Wednesday, November 16, 2011

Two cheers (again) for hypocrisy

You'd think, given the Catholic Church's problems, that Archbishop Timothy Nolan of New York might have chosen a slightly different metaphor when he complained the other day about those sinister (and "well-oiled") forces in American politics that, he said, are seeking to "neuter" religion. You also had to wonder what he was thinking when he commiserated with Penn State in its recent travails (“We know what you’re going through, and you can count on our prayers”), and explained that this just goes to show that sexual abuse of children is one of those things that could happen to anyone.

Why do I have this picture of His Not Yet Eminence asking the guy sitting next to him on a hard wooden bench, "Hey—what're you in for?"

Excuse me for mentioning it, but aren't you the guys who are supposed to be above average in moral conduct and the example you set? That expectation usually comes with the territory of instructing others, in the name of God, re their moral duties and failings.

The actual occasion for the archbishop's press conference was a new foray into politics by the Catholic bishops of America, which offered another perfect illustration of the difficulties religious institutions encounter in trying to have it both ways. The bishes, claiming that "religious liberty" is under attack, announced what was basically an escalation of the political activism of the church, complete with a new document urging the faithful to cast their votes only for politicos who support church doctrine on abortion and same-sex marriage.

Religious leaders keep making a fundamental mistake in thinking the way to increase their authority and influence is to roll up their sleeves, dive into the fray, and act like everyone else. As Bertie Wooster might observe, one can either be the appointed vicar of Christ on earth, or a hard-knuckle political boss — not both. It's hard to keep your halo on straight when you're in a rough and tumble political brawl. In fact, the only source of moral authority religious leaders ever had was directly a result of their aloofness from worldly politics. The moment you start playing politics, you're no longer a minister of God (or a scientist, or any other disinterested authority above the fray) — you're, guess what, a politician.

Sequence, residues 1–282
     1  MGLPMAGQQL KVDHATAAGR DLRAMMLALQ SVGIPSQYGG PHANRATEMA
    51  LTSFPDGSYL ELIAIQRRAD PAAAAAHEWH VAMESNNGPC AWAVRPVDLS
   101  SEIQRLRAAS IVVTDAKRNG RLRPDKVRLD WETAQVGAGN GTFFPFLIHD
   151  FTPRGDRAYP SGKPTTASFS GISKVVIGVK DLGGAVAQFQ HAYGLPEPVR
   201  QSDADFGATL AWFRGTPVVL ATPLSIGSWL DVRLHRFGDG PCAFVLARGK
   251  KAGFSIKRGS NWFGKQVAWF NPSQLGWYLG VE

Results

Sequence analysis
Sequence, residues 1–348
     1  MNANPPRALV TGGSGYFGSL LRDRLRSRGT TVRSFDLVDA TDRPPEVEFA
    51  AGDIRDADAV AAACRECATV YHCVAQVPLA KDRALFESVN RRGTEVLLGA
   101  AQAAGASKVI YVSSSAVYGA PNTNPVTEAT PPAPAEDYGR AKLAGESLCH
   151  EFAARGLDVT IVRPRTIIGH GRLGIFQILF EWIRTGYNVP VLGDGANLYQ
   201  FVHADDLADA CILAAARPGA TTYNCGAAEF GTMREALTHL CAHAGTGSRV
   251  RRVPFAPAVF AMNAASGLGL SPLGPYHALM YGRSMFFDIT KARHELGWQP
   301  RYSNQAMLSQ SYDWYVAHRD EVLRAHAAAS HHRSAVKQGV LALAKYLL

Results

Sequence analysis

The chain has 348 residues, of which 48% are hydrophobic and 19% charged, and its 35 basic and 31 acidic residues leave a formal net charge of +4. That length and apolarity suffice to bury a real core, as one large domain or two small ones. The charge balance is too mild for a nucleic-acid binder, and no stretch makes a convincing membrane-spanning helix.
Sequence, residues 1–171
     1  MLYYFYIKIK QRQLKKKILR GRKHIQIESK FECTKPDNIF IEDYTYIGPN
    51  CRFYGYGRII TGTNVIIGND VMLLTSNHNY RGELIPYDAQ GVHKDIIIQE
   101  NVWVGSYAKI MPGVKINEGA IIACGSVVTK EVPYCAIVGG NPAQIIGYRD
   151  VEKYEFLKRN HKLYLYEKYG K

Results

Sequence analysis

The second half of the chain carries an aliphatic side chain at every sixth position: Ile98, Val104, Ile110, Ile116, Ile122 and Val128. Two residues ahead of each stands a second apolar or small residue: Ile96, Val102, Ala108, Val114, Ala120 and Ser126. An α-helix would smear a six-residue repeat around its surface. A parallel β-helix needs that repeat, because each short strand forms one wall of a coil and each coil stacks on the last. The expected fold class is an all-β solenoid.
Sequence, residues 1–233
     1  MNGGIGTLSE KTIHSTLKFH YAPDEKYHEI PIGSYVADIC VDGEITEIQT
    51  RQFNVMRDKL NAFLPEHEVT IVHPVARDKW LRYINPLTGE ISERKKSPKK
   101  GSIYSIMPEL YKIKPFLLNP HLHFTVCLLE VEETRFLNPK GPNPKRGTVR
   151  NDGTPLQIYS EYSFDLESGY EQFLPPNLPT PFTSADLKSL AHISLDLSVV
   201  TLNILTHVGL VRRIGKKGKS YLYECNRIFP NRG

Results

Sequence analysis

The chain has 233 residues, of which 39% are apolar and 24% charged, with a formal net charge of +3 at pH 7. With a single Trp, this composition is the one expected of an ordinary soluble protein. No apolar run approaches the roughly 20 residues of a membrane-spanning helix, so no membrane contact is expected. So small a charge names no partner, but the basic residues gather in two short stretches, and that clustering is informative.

It all reminds me once again of how much we have lost now that our leaders don't even keep up the pretenses any more. I came across a wonderful exposition of this point the other day in one of John Le Carré's (not very good) minor novels, A Small Town in Germany. The speaker is a British diplomat defending precisely the importance of keeping up the appearance of high purpose in British foreign policy:

Haven’t you realized that only appearances matter? . . . What else is there when the underneath is rotten? Break the surface and we sink. . . . I am a hypocrite. I’m a great believer in hypocrisy. It’s the nearest we ever get to virtue. It’s a statement of what we ought to be. Like religion, like art, like the law, like marriage.

Hypocrisy even once in a while shames us into doing the right thing. That's why I so much miss the days when presidents kept political fundraising and strategizing under the table and spoke a lot about lofty principles of democracy, equality, and justice. Of course it was hypocritical, and a lot of it was self-serving. But it also was what allowed this country to do genuinely great things once in a while, things we are apparently far too cynical these days even to contemplate.

If the bishops don't want to become just another special interest group, they might take that to heart. They might even try acting holy, God forbid, rather than simply holier-than-thou.